I popped into the museum's famous panorama. It is a scale replica of every building in New York City; when new buildings are added or renovated the museum staff even update it! Plus they have tiny planes flying in and out of the model to JFK. The whole thing is quite a spectacle, even if it does contain the occasional pair of dropped sunglasses in the Hudson River!
Then I checked out the impressive Andy Warhol exhibition about his controversial contribution to the American Pavilion at the 1964 World's Fair—a large 20' x 20' paneled painting depicting the photos of the FBI's thirteen most wanted men. The show was well researched and informative, calling on Warhol's practice as a whole and fleshing out the mitigating political and practical factors involved in the removal (technically the painting over) of Warhol's work just days after the opening of the fair. It was fascinating to see all the pertinent historical materials gathered in one place—copies of bureau info packets on the criminals at large, letters sent between people involved in the project (including Warhol's friends complaining about FBI raids on his studio!), newspaper articles recounting the removal of the work, etc.—intermingled with Warhol's concurrent silkscreens and the museum's models of the fairgrounds themselves. The show—and the museum's recently renovated space itself—is quite fun to explore and I recommend you take advantage of these last few sunny days of summer and pop over there before the Warhol show closes on September 7. You can also find out more information about the exhibition here and the museum itself here.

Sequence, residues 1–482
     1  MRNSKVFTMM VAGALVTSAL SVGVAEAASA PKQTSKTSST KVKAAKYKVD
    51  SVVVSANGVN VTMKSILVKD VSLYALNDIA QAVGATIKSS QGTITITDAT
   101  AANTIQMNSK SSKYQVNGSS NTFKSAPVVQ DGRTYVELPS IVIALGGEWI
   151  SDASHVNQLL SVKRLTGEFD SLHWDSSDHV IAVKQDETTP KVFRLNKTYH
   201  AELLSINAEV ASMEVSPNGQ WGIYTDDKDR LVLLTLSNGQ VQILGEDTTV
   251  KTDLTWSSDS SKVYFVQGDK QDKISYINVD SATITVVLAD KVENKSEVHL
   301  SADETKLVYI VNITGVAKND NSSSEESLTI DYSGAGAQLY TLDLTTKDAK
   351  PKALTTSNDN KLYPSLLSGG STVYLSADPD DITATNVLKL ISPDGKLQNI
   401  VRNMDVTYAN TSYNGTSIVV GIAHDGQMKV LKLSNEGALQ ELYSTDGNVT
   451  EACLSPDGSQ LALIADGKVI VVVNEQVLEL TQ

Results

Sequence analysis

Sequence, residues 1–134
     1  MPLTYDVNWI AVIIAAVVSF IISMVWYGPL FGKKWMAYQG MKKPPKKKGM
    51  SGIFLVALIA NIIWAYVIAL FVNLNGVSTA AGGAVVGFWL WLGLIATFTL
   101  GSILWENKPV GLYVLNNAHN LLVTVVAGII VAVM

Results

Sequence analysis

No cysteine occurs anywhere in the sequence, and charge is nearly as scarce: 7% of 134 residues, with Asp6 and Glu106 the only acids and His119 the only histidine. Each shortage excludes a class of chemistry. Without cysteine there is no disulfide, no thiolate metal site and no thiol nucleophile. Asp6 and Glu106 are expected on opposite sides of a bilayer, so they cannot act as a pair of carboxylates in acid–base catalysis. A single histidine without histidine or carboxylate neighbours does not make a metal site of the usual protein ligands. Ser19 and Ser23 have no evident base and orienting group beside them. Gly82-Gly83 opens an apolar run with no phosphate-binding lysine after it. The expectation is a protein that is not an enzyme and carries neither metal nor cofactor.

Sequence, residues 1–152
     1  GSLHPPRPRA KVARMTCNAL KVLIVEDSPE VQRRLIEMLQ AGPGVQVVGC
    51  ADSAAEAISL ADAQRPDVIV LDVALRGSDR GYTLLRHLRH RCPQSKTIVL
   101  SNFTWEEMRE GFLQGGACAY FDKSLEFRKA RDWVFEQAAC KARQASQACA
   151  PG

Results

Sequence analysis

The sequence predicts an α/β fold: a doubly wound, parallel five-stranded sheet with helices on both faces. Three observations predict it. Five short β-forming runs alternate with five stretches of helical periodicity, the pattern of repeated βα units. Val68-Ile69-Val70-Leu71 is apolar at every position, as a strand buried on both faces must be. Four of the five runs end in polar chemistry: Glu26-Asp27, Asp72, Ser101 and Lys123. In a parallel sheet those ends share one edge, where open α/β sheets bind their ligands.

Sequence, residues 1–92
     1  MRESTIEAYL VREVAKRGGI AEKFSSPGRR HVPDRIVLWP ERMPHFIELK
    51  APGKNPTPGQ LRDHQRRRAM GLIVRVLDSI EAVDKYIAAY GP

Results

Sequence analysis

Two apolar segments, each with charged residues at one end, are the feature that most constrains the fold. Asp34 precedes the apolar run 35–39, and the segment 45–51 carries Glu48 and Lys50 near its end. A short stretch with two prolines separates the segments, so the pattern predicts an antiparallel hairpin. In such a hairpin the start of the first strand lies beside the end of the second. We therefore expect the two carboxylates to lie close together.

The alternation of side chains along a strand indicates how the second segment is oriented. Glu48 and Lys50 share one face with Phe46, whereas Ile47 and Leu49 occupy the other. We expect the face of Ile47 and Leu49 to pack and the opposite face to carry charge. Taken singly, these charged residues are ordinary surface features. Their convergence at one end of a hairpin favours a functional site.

After my visit I came home to reread some of the reviews of the show, mostly to see what kind of critical attention it had garnered. I was pleasantly surprised to discover a new article in the New York Times that chronicles an unusually personal backstory; Mr. George Lawler stumbled upon a review of the exhibition earlier this year and was surprised to see his father's face illustrated in one of Warhol's 'most wanted' paintings. The Times story, while brief, recounts Lawler's abandonment by his parents and the unique perspective he has on Warhol's classic decree that 'everyone will have their 15 minutes of fame'. It's a cool article and I recommend you check it out here.